This Week’s Awesome Tech Stories From Around the Web (Through November 12)


CRISPR Cancer Trial Success Paves the Way for Personalized Treatments
Heidi Ledford | Nature
“A small clinical trial has shown that researchers can use CRISPR gene editing to alter immune cells so that they will recognize mutated proteins specific to a person’s tumors. Those cells can then be safely set loose in the body to find and destroy their target. …’It is probably the most complicated therapy ever attempted in the clinic,’ says study co-author Antoni Ribas, a cancer researcher and physician at the University of California, Los Angeles. ‘We’re trying to make an army out of a patient’s own T cells.’i


IBM Pushes Qubit Count Over 400 With New Processor
John Timmer | Ars Technica
“Today, IBM announced the latest generation of its family of avian-themed quantum processors, the Osprey. With more than three times the qubit count of its previous-generation Eagle processor, Osprey is the first to offer more than 400 qubits, which indicates the company remains on track to release the first 1,000-qubit processor next year.”


Amazon’s New Robot Can Handle Most Items in the Everything Store
Will Knight | Wired
“Amazon built an ecommerce empire by automating much of the work needed to move goods and pack orders in its warehouses. There is still plenty of work for humans in those vast facilities because some tasks are too complex for robots to do reliably—but a new robot called Sparrow could shift the balance that Amazon strikes between people and machines.”


LG’s New Thin and Stretchable Displays Could Be Used to Wrap Skin, Cars, and Furniture
Simon Cohen | Digital Trends
“LG Display has announced that it has created the world’s first stretchable display that can be deformed by up to 20% of its original size and shape without suffering any damage. …’Alongside its thin, lightweight design, the Stretchable display’s revolutionary technology offers next-level versatility for various daily scenarios,’ the company said in a press release. The display is ‘easily attachable to curved surfaces such as skin, clothing, furniture, automobiles and aircraft.’i


This Free Comic Series Is Gorgeous. You’d Never Know AI Drew It
Leslie Katz | CNET
i‘By the new year, even the trained eye probably won’t be able to perceive an AI generation from any other,’ Coulson says. ‘It’s exciting and terrifying at the same time. But you can’t put the genie back in the bottle, so we’re embracing the future as fast as we can.’ AI image generation is advancing so rapidly, he adds, that The Lesson, out Nov. 1, marks a clear visual step up from the first comic in the trilogy, Summer Island, a folk-horror story in the spirit of Midsommar that came out in August. During those three months, Midjourney went through two upgrades.i


The Lawsuit That Could Rewrite the Rules of AI Copyright
James Vincent | The Verge
Microsoft, its subsidiary GitHub, and its business partner OpenAI have been targeted in a proposed class action lawsuit alleging that the companies’ creation of AI-powered coding assistant GitHub Copilot relies on ‘software piracy on an unprecedented scale.’ The case is only in its earliest stages but could have a huge effect on the broader world of AI, where companies are making fortunes training software on copyright-protected data.”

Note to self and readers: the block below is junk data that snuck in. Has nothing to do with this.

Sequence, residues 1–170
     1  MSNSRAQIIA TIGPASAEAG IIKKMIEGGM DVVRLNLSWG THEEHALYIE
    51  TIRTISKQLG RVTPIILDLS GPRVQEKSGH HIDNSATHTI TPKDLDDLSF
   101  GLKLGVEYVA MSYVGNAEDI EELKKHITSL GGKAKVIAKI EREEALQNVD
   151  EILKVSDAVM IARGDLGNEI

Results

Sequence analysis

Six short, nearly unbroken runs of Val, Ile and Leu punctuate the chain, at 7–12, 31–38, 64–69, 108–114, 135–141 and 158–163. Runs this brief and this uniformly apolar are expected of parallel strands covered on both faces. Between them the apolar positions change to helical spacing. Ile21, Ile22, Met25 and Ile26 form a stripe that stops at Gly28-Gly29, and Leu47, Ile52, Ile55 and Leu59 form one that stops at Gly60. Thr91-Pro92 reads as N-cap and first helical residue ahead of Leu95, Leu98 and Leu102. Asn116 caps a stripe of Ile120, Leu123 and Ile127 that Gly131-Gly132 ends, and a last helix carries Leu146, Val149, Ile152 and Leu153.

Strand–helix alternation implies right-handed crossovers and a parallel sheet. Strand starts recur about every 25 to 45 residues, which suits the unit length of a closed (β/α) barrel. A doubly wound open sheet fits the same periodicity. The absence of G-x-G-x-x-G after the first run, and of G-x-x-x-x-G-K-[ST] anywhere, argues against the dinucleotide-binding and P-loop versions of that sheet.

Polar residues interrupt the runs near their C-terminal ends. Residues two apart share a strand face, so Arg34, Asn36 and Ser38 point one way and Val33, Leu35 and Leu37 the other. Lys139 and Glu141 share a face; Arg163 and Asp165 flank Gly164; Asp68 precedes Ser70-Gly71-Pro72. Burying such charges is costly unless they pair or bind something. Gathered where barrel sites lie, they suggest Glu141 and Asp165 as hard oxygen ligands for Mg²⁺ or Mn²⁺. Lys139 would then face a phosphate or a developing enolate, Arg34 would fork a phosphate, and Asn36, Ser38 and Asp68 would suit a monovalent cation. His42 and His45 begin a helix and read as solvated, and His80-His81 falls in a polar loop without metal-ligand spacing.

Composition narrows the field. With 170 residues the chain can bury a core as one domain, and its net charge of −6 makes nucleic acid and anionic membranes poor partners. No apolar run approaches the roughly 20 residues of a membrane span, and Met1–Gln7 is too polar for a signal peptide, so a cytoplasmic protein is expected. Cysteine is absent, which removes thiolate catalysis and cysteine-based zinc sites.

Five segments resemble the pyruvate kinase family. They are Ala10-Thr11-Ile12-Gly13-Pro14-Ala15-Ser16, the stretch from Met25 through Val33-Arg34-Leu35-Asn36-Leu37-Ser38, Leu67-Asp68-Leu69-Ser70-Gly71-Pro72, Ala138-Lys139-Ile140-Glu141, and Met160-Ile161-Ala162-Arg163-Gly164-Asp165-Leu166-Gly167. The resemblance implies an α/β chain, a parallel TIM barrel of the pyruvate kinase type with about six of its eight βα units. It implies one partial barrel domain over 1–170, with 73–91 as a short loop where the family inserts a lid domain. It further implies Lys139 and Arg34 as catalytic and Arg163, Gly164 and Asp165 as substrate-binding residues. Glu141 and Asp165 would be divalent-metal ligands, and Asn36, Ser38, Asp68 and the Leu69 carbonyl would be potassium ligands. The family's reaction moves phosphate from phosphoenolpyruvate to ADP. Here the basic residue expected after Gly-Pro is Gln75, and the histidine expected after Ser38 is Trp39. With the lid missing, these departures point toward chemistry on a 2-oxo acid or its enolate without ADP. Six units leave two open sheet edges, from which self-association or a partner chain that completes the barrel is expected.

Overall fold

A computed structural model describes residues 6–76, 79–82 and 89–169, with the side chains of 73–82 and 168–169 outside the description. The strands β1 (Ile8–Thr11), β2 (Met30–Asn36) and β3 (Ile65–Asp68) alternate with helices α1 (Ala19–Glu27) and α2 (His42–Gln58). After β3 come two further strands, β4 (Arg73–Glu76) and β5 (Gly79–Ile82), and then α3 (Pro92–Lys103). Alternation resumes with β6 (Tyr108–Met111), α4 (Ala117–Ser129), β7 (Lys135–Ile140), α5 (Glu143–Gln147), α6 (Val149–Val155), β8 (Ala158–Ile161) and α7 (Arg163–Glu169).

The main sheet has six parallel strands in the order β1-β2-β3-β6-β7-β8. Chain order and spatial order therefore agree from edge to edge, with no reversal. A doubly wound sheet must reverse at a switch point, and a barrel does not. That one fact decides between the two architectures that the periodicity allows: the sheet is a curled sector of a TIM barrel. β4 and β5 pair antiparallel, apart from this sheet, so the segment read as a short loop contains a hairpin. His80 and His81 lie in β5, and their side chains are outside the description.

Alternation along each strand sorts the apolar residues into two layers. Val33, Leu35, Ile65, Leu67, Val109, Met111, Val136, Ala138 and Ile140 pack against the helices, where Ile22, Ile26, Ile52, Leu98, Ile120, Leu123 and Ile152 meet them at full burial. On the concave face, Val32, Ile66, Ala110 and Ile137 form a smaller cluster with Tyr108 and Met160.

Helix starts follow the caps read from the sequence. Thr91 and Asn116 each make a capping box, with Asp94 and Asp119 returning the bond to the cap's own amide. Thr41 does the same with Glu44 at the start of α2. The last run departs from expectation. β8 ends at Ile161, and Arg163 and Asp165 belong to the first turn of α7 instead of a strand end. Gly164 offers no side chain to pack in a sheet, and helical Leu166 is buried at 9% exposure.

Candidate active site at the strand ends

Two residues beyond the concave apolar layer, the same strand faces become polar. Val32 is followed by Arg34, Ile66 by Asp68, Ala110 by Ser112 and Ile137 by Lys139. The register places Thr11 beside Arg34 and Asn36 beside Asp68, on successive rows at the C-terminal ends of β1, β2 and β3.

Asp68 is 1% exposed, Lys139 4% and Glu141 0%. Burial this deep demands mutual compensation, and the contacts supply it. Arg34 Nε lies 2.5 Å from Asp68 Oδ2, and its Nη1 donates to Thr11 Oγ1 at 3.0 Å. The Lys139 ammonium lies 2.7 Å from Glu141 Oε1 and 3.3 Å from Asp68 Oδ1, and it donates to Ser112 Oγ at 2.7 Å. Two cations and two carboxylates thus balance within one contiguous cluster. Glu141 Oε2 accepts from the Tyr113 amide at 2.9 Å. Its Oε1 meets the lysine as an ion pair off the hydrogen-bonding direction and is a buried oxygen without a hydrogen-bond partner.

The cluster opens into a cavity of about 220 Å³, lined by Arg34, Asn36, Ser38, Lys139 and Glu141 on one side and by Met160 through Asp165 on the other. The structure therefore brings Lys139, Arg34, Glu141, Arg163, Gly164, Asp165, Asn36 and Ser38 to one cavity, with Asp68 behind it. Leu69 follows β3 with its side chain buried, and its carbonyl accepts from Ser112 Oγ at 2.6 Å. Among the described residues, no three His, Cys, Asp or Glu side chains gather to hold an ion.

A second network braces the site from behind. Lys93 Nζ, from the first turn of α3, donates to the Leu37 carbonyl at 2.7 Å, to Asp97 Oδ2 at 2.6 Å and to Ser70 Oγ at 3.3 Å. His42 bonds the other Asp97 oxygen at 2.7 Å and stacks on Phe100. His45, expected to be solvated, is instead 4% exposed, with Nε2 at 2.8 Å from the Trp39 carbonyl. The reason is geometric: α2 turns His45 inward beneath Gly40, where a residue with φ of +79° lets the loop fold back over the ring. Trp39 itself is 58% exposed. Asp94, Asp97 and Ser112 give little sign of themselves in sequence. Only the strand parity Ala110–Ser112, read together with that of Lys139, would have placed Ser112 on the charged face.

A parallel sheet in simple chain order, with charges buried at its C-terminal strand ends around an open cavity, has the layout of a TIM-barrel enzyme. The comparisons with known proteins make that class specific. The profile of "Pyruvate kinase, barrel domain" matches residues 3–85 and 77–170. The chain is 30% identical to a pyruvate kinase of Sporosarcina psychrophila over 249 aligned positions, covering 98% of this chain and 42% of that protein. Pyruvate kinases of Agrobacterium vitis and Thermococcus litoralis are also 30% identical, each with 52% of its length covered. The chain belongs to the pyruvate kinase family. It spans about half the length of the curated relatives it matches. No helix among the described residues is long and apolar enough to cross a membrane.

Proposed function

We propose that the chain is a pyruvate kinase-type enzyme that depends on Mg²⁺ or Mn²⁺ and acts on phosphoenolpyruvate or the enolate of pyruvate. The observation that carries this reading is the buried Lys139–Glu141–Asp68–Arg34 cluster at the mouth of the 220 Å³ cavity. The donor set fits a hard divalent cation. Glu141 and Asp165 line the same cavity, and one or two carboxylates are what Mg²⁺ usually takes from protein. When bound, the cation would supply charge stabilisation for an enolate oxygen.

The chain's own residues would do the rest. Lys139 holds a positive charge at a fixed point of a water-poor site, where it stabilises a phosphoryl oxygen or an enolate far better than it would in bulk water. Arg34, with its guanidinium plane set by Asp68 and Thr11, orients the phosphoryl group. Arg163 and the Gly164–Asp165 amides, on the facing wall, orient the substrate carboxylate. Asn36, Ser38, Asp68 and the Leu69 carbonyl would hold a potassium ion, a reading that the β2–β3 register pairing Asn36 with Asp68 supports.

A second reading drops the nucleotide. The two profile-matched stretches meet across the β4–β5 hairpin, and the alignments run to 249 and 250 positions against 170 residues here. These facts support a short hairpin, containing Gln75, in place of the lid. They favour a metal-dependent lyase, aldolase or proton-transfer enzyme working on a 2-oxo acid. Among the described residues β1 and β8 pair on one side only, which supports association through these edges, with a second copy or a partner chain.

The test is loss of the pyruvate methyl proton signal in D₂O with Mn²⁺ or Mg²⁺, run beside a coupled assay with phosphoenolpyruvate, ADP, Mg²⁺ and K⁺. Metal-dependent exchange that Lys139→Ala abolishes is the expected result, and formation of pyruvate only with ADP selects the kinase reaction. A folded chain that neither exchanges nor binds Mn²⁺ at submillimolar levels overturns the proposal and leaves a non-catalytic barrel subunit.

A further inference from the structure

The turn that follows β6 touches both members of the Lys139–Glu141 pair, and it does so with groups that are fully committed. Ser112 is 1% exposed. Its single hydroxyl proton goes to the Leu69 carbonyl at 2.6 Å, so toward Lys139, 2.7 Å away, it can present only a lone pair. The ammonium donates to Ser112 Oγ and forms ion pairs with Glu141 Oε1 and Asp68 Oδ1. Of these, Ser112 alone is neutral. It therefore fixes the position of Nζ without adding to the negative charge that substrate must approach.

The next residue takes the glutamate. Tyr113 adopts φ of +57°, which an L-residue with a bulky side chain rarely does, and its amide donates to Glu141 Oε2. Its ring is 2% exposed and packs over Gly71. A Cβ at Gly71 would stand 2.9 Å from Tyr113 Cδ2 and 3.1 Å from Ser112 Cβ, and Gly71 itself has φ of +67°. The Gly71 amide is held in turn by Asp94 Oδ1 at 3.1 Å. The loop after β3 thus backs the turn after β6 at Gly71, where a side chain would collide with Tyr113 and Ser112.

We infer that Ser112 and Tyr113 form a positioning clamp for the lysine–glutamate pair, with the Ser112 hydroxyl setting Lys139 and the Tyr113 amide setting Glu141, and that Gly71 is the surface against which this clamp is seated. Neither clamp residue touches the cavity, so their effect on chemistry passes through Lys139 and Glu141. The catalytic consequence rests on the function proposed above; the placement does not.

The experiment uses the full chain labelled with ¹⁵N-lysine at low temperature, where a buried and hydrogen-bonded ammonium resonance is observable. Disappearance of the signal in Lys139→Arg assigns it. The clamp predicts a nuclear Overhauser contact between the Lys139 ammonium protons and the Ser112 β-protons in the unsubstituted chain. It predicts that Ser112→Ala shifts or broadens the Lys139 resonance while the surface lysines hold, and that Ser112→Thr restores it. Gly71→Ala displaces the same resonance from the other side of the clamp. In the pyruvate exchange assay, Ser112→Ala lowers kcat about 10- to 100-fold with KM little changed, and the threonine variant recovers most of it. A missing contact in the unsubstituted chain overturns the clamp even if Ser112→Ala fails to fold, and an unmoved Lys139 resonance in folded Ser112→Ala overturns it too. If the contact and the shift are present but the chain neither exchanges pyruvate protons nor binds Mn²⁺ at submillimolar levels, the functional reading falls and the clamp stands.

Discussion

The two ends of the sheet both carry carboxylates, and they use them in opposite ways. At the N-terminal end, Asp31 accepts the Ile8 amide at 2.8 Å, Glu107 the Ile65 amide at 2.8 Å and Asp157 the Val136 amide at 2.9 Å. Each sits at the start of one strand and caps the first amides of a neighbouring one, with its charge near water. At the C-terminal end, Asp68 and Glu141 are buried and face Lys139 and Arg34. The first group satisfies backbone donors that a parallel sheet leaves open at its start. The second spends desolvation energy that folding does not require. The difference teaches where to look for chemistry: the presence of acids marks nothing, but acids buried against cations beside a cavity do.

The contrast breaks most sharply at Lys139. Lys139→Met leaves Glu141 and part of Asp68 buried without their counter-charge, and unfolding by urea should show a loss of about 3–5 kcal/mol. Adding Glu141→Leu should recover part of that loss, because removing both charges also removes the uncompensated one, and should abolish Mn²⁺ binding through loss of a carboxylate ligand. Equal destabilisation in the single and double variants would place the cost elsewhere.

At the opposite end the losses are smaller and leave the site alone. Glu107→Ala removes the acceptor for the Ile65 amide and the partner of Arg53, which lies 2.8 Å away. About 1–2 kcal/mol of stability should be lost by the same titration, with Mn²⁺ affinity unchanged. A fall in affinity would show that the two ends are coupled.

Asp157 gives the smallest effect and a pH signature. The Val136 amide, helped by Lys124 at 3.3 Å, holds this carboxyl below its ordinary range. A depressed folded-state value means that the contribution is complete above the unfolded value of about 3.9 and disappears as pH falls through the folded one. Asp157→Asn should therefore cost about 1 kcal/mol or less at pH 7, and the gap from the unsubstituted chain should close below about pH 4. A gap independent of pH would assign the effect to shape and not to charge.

Twitter’s Potential Collapse Could Wipe Out Vast Records of Recent Human History
Chris Stokel-Walker | MIT Technology Review
“Almost from the time the first tweet was posted in 2006, Twitter has played an important role in world events. The platform has been used to record everything from the Arab Spring to the ongoing war in Ukraine. It’s also captured our public conversations for years. But experts are worried that if Elon Musk tanks the company, these rich seams of media and conversation could be lost forever. Given his admission to employees in a November 10 call that Twitter could face bankruptcy, it’s a real and present risk.”


The Age of Social Media Is Ending
Ian Bogost | The Atlantic
“As I’ve written before on this subject, people just aren’t meant to talk to one another this much. They shouldn’t have that much to say, they shouldn’t expect to receive such a large audience for that expression, and they shouldn’t suppose a right to comment or rejoinder for every thought or notion either. From being asked to review every product you buy to believing that every tweet or Instagram image warrants likes or comments or follows, social media produced a positively unhinged, sociopathic rendition of human sociality.”


Cryptography’s Future Will Be Quantum-Safe. Here’s How It Will Work.
Leila Sloman | Quanta
“In 1994, the computer scientist Peter Shor discovered that if quantum computers were ever invented, they would decimate much of the infrastructure used to protect information shared online. That frightening possibility has had researchers scrambling to produce new, ‘post-quantum’ encryption schemes, to save as much information as they could from falling into the hands of quantum hackers.”

Image Credit: PIROPixabay 

Singularity Hub Staff
Singularity Hub Staff
Singularity Hub chronicles technological progress by highlighting the breakthroughs and issues shaping the future as well as supporting a global community of smart, passionate, action-oriented people who want to change the world.
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